Hotel Castel Dracula

Communist Romania's biggest concession to the west's Dracula obsession.

By the time he was ousted in the revolution of October 1989, comparisons between Romania’s dictator Nicolae Ceaușescu and the eponymous villain of Bram Stoker’s 1897 novel Dracula (set in Romania) were commonplace. Ceaușescu was met with chants of ‘Dracula!’ on a visit to the US in 1978, perhaps explaining why his attitude towards Dracula tourism – previously tolerated as a lucrative industry – hardened soon afterwards. Though it is possible Ceaușescu was not aware of Stoker’s novel (first published in Romanian in 1990) and that he understood ‘Dracula’ to be Vlad the Impaler, it has been claimed that he banned the word. He may also have unwittingly authorised his country’s biggest concession to western interest in Dracula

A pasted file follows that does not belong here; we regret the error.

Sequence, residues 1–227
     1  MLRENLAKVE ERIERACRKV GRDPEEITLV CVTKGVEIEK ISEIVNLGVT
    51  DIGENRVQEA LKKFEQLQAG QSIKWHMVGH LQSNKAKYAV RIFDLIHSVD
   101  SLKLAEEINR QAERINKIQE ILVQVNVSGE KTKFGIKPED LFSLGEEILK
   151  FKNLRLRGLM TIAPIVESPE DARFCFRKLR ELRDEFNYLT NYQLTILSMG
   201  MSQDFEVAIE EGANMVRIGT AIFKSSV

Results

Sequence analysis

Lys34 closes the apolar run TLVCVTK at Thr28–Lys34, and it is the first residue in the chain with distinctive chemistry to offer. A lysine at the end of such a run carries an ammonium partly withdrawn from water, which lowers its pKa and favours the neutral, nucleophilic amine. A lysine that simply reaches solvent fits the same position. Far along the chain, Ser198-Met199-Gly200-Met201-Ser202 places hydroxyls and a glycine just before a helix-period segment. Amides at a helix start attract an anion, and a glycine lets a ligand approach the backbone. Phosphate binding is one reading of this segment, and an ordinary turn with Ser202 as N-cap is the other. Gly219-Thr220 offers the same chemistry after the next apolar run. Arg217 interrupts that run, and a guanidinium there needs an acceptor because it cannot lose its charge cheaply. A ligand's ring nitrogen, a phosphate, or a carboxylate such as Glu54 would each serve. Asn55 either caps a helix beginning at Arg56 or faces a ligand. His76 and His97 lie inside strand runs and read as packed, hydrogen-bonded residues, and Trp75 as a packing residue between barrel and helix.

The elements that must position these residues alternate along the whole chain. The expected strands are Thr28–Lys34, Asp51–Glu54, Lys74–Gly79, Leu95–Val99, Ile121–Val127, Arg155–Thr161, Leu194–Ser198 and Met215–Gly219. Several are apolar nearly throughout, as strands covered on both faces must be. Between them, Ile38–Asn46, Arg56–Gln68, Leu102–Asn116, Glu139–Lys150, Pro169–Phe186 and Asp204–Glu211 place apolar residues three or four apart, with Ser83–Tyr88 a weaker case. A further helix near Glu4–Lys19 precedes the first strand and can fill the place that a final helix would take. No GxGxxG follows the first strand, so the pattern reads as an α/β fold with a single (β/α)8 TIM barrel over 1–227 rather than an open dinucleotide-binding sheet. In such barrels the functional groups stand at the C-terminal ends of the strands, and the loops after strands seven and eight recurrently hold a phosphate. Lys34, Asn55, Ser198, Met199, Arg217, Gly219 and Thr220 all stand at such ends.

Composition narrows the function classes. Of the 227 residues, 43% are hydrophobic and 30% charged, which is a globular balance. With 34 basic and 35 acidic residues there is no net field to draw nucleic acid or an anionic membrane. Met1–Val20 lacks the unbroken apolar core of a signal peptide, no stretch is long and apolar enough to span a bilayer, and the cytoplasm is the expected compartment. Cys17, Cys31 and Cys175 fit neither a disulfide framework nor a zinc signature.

The county of Bistrița-Năsăud – the location of the Count’s fictional castle – had long attracted Dracula fans. In the late 1970s its tourism chief persuaded the communist authorities to grant permission for a hotel named ‘The Golden Crown’ (a fictional inn in the novel), but an ostentatiously Dracula-themed hotel built high in the Borgo Pass was unthinkable. Yet when, on one of Ceaușescu’s regular hunting trips to the region, officials had a chance to show him their discreet plans, the dictator supposedly asked ‘who’s stopping you from building it?’, simply approving, he thought, an unusual hotel at an unusual height. His approval brought with it funds from the Ministry of Tourism and Hotel Tihuta opened in 1983. It was renamed Hotel Castel Dracula in 1991 and remains open, complete with a Bram Stoker statue and a chance to ‘meet the Count’. Recent reviews describe the hotel as ‘right out of the novel’, ‘kitsch’ and ‘out-dated’:  arguably interest in Ceaușescu has now usurped Dracula as Romania’s biggest tourist draw.